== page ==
Whenever possible, it is helpful for an investigator to obtain the employee’s complaint in writing as a first step. This will help the investigator create an outline of questions for the employee and a blueprint for the investigation. The employee’s statement may also identify documents that can be obtained and reviewed before an in-person meeting. Of course, an investigator should never be confined to a set script and should remain flexible to follow the investigation where it leads. And, even where an employee refuses to provide a written statement, the investigation should still proceed.
When speaking with the complaining employee, the investigator should try to obtain as many facts as possible, including the who, what, why, when and where of the employee’s complaint. The investigator should ask the complaining employee to identify any witnesses, documents and other information that would support each element of the employee’s complaint.
The investigator should also address any concerns the employee has about continuing to work with the accused discriminator while the investigation is ongoing. In some cases, especially where there is any concern about an employee’s safety, this may warrant a temporary administrative suspension of the accused while the investigation is pending or other steps to effectively separate the employees. Any such separation should not negatively impact the complaining employee.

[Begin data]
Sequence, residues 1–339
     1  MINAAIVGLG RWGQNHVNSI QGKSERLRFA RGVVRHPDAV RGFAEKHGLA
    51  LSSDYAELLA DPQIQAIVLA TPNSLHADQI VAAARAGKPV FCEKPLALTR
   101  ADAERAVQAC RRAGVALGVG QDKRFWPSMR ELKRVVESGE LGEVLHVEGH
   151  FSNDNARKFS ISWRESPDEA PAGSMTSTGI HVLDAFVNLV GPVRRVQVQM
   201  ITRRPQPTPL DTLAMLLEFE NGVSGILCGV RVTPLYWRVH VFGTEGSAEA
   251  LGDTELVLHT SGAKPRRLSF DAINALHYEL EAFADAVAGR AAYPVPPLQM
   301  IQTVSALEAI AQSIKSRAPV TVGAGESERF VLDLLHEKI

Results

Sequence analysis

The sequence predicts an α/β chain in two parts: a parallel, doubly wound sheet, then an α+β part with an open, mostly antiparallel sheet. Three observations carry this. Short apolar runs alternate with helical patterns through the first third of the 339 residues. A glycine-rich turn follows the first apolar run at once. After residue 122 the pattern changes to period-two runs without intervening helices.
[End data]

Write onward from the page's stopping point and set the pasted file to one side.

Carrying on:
4. Speak to Witnesses
The investigator should speak to the witnesses identified by the complaining employee to elicit whatever information they have available. In some cases, the investigator may also want to speak to potential witnesses who were not identified by the employee. For example, if an employee complains that her supervisor repeatedly makes inappropriate sexual comments, the investigator may consider speaking to other employees who regularly interact with that supervisor. In all cases, the company will have to balance its desire to obtain full and complete information against its desire to maintain the confidentiality of the complaint (to the extent possible) and the reputation of the accused. An investigator should only disclose to witnesses as much detail of the complaint as is reasonably necessary to elicit the necessary information.
5. Speak to the Accused
The employee accused of discrimination should be given an opportunity to respond to the allegations against him or her, and to identify any witnesses or documents to support his or her “side of the story.” The investigator should also inquire about what motive, if any, the complaining employee might have for asserting a false complaint. When meeting with the accused, as well as with the complaining employee and witnesses, the investigator will be evaluating credibility, and trying to determine what really occurred.
6. Review the Documents
Various documents may be relevant to a discrimination complaint, such as disciplinary records, performance evaluations, e-mails, text messages, etc. In each case, the investigator should determine what documents might be pertinent and gather that information. In some cases, a search of the company’s email system may be appropriate, such as when one employee claims to have received inappropriate emails from another. Documents can help to substantiate what one party to an investigation is saying or raise credibility issues that the investigator must address. All potentially relevant documents should be obtained by the investigator and retained as part of the investigation file.